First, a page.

Application for pricey gene therapy Zolgensma contained manipulated data, but drug will remain on market, FDA says

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The Food and Drug Administration said Tuesday [August 7]  that Novartis submitted manipulated data as part of its application for a new gene therapy, and didn’t tell the agency until after the treatment was approved.

Peter Marks, director of the FDA’s Center for Biologics Evaluation and Research, said the inaccurate information involved mouse data and was a “small amount of the totality” that was submitted. The faulty data didn’t raise concerns about the safety and effectiveness of the treatment, he said, adding that the therapy will remain on the market.

The $2.1 million treatment — considered the world’s most expensive therapy — is called Zolgensma. It is used for children less than 2-years-old with spinal muscular atrophy, a leading genetic cause of infant death.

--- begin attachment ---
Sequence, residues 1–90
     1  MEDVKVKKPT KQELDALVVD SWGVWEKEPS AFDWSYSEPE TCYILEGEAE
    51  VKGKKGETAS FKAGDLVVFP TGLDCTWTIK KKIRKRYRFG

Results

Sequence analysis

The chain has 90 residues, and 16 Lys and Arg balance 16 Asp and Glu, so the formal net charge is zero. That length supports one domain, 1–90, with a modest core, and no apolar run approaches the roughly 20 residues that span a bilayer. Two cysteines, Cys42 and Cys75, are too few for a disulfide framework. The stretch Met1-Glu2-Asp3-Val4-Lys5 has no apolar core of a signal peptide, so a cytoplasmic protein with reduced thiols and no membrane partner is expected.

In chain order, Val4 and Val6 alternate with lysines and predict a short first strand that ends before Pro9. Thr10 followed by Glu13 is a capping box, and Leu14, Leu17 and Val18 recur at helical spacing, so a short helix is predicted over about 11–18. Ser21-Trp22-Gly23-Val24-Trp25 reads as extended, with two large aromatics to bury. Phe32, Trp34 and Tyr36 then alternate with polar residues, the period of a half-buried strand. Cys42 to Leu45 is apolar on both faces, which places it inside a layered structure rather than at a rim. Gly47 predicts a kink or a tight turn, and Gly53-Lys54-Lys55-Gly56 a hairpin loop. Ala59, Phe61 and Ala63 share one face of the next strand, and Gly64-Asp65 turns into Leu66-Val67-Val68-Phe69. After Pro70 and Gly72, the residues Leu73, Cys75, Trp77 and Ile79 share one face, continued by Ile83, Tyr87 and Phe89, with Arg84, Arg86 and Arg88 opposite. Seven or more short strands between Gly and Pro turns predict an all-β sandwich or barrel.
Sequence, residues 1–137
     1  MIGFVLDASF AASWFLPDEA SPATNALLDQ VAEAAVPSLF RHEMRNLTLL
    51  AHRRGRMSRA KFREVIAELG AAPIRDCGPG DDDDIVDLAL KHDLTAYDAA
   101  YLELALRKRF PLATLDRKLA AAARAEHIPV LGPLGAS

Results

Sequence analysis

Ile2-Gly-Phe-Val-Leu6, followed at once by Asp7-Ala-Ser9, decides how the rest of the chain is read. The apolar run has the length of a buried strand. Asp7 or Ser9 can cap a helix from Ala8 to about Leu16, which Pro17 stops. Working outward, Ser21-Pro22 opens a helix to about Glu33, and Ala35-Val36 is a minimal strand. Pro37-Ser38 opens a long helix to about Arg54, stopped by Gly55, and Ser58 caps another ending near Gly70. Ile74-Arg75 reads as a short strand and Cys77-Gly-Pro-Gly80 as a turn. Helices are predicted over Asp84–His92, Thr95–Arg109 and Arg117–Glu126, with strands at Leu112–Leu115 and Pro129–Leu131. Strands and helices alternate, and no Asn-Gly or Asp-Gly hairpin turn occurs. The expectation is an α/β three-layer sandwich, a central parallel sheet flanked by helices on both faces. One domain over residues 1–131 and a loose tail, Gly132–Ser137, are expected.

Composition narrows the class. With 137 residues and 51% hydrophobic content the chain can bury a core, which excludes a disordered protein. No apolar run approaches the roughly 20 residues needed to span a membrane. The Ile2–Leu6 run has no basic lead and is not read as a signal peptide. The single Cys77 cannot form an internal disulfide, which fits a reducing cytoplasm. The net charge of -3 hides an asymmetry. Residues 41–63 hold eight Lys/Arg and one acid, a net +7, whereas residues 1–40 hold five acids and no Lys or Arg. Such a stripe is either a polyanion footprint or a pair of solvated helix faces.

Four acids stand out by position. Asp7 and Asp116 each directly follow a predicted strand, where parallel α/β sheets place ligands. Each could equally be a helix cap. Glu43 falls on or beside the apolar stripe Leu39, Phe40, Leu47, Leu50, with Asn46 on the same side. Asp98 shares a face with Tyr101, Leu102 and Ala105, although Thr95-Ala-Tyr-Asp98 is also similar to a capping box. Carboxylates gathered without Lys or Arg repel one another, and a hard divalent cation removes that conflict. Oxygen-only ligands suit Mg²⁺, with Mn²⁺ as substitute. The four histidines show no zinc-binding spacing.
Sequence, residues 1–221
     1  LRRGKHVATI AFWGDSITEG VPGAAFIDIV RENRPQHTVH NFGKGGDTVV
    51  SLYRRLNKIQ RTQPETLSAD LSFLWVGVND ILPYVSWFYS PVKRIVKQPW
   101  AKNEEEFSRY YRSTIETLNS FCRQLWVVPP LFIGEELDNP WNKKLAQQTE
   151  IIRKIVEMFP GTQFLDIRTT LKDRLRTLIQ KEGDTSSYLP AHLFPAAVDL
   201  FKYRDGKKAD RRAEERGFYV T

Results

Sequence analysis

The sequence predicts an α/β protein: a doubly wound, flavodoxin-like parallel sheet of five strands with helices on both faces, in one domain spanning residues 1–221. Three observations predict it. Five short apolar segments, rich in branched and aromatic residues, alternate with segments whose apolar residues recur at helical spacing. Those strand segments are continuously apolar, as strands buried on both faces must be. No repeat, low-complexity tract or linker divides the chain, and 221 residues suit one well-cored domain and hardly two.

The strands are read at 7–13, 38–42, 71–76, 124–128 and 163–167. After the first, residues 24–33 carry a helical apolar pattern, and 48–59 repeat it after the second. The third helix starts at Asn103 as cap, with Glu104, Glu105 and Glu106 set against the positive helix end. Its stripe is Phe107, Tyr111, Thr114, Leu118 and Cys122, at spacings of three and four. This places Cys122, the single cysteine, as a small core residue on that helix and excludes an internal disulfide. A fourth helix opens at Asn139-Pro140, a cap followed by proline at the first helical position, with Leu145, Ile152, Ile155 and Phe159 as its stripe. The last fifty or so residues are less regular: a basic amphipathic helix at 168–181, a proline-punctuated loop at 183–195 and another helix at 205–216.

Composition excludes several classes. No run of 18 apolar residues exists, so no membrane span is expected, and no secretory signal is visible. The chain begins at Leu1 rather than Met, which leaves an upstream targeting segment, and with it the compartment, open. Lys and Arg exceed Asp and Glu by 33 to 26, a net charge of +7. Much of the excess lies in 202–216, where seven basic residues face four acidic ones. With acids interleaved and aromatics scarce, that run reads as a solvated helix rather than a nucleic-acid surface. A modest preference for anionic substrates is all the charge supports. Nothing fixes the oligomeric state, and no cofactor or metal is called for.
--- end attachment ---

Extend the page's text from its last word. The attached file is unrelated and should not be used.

Related article:  What's stopping us from using CRISPR to gene edit humans to fight disease?

In a statement, Novartis said it is “fully confident in the safety, quality and efficacy of Zolgensma.” The drugmaker said AveXis investigated allegations of data manipulation and “once we had interim conclusions from our investigations, we shared our findings with the FDA.” The data, the company added, “are limited to an older process no longer in use.”

Read full, original post: FDA: Gene therapy maker submitted manipulated data before drug was approved

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